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A bit later, the comment was deleted by CiF editors because it evidently violated their “community standards”:

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While the topic of comment moderation has been addressed at this blog on numerous occasions, we still are often baffled why many pro-Israel (or otherwise heterodox) comments are deemed inconsistent with their “community standards”.  So, here are the ten commenting rules at ‘Comment is Free’, listed under the heading ‘Community standards and participation guidelines‘:

There are 10 simple guidelines which we expect all participants in the community areas of the Guardian website to abide by, all of which directly inform our approach to community moderation (detailed below). These apply across the site, while moderation decisions are also informed by the context in which comments are made.

1. We welcome debate and dissent, but personal attacks (on authors, other users or any individual), persistent trolling and mindless abuse will not be tolerated. The key to maintaining the Guardian website as an inviting space is to focus on intelligent discussion of topics.

2. We acknowledge criticism of the articles we publish, but will not allow persistent misrepresentation of the Guardian and our journalists to be published on our website. For the sake of robust debate, we will distinguish between constructive, focused argument and smear tactics.

3. We understand that people often feel strongly about issues debated on the site, but we will consider removing any content that others might find extremely offensive or threatening. Please respect other people’s views and beliefs and consider your impact on others when making your contribution.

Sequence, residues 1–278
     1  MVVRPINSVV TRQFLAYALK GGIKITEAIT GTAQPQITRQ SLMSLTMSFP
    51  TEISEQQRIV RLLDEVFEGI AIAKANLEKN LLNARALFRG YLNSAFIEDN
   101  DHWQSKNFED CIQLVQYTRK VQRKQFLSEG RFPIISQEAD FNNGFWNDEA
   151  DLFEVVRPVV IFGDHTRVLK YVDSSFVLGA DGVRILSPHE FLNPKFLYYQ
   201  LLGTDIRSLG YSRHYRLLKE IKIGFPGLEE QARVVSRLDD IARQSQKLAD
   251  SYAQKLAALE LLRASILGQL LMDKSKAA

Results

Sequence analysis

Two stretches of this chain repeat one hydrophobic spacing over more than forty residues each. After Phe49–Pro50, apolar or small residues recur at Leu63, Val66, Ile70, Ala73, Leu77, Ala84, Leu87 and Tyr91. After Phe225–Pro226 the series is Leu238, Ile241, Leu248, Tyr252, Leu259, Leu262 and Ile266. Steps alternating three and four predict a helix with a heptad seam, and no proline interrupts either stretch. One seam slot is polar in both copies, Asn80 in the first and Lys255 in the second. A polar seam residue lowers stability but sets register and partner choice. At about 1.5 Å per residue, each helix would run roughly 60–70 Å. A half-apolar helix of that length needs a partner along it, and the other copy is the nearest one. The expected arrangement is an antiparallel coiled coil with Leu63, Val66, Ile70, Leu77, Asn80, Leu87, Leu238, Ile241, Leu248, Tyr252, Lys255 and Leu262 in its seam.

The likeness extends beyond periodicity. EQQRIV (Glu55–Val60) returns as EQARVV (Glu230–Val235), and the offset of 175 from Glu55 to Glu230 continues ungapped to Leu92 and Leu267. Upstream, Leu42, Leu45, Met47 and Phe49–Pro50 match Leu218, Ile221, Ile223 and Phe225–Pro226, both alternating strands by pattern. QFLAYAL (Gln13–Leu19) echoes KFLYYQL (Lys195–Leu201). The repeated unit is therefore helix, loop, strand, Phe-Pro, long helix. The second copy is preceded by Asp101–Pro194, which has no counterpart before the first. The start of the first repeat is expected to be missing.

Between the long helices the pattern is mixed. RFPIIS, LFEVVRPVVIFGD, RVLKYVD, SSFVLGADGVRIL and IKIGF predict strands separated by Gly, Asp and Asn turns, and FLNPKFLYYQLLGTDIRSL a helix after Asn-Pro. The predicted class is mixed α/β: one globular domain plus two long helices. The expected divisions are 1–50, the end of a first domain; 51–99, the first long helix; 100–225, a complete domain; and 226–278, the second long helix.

4. We reserve the right to redirect or curtail conversations which descend into flame-wars based on ingrained partisanship or generalisations. We don’t want to stop people discussing topics they are enthusiastic about, but we do ask users to find ways of sharing their views that do not feel divisive, threatening or toxic to others.

5. We will not tolerate racism, sexism, homophobia or other forms of hate-speech, or contributions that could be interpreted as such. We recognise the difference between criticising a particular government, organisation, community or belief and attacking people on the basis of their race, religion, sex, gender, sexual orientation, disability or age.

6. We will remove any content that may put us in legal jeopardy, such as potentially libellous or defamatory postings, or material posted in potential breach of copyright.